• Have a robust FAQ section: You need to assume that your website visitors have questions and that they are seeking out solutions to their problems. Otherwise, it is not likely that they would have found your website. Make sure that you have a comprehensive FAQ section that covers much more than the basics. Break this part of your website up into relevant sections so that it is more organized and easier for your visitors to find the information they need.
  • Include videos and other graphics: Whether you practice general dentistry or you are an oral surgeon, make liberal use of videos that explain those concepts and services that pertain to your particular practice. Whenever possible, it is best to embed videos that feature you and your staff as they exude a more personal touch and allow your potential patients to view you as helpful, authoritative, friendly and professional. The videos can be as simple as you presenting information aided by simple and easy to follow graphics in a slideshow, for example, or as complex as those handled by professional videographers and their staff.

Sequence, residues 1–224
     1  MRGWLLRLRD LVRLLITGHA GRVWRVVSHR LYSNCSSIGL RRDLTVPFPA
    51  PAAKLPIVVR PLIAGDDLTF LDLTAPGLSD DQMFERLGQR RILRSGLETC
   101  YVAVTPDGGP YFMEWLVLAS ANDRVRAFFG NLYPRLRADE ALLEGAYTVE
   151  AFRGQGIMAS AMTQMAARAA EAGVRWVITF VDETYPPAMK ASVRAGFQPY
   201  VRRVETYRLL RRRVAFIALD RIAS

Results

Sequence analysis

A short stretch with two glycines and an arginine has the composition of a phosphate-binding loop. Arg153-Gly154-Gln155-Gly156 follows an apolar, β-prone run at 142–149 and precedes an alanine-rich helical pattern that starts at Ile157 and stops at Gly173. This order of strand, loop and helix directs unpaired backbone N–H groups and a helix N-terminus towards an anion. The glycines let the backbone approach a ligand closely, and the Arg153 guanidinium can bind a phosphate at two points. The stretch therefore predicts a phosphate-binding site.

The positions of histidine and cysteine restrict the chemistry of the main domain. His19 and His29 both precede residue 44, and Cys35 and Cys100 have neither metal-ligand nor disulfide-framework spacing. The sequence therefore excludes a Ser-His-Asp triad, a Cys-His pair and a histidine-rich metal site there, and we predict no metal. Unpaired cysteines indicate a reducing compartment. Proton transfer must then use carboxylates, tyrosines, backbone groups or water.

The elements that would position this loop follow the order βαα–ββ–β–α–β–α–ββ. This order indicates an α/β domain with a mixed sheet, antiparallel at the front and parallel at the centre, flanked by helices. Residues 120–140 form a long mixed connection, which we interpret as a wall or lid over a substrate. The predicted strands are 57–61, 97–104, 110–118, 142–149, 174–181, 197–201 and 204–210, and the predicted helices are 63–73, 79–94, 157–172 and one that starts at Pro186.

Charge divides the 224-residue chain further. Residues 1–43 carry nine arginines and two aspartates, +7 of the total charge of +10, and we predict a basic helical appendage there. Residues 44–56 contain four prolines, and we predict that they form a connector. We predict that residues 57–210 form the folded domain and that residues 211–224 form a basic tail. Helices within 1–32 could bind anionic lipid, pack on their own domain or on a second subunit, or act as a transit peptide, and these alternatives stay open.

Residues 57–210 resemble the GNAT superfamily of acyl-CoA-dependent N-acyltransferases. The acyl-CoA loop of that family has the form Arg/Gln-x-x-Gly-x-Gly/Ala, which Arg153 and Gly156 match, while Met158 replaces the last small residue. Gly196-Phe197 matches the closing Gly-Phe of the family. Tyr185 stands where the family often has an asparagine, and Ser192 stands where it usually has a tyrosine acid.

• Keep the lines of communication open: Of course, you want your website to encourage people to contact your dental practice to make an appointment. However, it is also a good idea to extend an invitation to ask questions of any sort. For example, you might discover that a particular aspect of a service you provide is confusing to your visitors. Adding a video and/or a question and answer portion that specifically addresses this concern can make your website a go-to resource for answers — which is your ultimate goal.

2. Spend some time with your competition


Keep your competition close


This piece of advice does not mean for you to make an appointment with a competitor and go through the motions of having a dental exam there. Instead, it is meant as encouragement for you to spend some time over at their website. Make sure you have paper and pencil handy so that you can take notes because this is a research task. Take the time to browse through their website in an unhurried manner the first time. Click all of the tabs that are listed. Watch all the videos. Read the staff bios and the frequently asked questions.